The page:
It’s difficult not to mention what an incredible woman your mother is. What values did she instil in you and what do you admire most about her
My mom is the most free-minded, freespirited, independent woman I have ever met. I always watched my mom do everything herself — and a million things at once for that matter. She always has that way of looking on the brighter side, and reminds me that I can always do better. There’s the saying, “Think outside the box” — with her there is no box.
You’ve just started college at NYU. How’s that going?
Well, my school is awesome because I get to create my own major, so I’m currently focusing on shedding light on the link between science and spirituality. I take an astrophysics class, Ancient Egyptian art, a class on the literature of sleep, and mindfulness and mysticism — it’s very reading-writing intensive, which can be quite stressful, but I really enjoy my studies. I’m able to study the subconscious mind through several different lenses and be able to link them all, and even reference them when making my own crazy theories. I’ve been exposed to so many eminent writers and so many ways of thinking and perceiving the world. I think the coolest thing about life is understanding that everyone experiences it differently.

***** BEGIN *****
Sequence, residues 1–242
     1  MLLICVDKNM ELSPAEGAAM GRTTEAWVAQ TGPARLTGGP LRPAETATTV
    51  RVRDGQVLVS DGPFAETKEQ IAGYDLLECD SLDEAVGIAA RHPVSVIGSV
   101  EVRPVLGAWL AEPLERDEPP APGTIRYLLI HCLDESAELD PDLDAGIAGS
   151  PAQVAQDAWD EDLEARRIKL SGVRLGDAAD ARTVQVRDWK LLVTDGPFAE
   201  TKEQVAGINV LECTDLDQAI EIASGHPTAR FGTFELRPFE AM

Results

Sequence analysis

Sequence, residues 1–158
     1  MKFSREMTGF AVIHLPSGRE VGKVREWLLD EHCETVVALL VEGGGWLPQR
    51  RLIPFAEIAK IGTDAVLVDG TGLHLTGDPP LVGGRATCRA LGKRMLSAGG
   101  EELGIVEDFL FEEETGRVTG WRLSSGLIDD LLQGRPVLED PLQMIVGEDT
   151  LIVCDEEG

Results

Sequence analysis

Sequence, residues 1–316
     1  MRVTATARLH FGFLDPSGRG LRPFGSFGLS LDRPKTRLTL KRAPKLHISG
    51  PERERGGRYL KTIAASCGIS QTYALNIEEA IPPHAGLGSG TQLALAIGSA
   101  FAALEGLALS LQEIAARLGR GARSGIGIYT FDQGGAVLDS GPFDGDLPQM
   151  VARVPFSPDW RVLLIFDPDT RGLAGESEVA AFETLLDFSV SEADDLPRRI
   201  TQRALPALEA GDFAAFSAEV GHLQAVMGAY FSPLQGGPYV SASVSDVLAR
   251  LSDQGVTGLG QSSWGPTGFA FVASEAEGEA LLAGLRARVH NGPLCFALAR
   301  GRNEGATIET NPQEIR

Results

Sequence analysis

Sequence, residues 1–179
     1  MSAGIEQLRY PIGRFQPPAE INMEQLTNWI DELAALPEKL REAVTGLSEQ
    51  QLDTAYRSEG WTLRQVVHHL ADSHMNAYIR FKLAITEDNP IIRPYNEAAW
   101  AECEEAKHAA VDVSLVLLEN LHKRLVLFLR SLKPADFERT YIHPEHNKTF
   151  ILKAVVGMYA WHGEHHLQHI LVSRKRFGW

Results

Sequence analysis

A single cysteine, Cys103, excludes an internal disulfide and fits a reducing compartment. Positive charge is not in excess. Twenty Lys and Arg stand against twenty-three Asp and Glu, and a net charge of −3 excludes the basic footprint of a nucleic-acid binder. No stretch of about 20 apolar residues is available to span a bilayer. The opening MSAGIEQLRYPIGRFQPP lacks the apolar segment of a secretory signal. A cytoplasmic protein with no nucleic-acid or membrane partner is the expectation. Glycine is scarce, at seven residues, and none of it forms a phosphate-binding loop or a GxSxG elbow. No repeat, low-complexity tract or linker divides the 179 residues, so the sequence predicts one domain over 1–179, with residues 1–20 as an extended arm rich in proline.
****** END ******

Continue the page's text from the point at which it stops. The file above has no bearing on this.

What does spirituality look like for you?
I would say that spirituality is just a part of life. It’s completely embedded in me, and not even something I have to think about because it always comes from intuition. I like to connect spirituality with science to give grounding and stability to the wild, existential thoughts, so I can share those thoughts with people … and make them feel more comfortable with it. It’s not really something you do, it’s just something you are. For me, spirituality boils down to knowing your innate power and understanding that you have unlimited amounts of potential energy. It’s all about tapping into it and positively channeling that energy.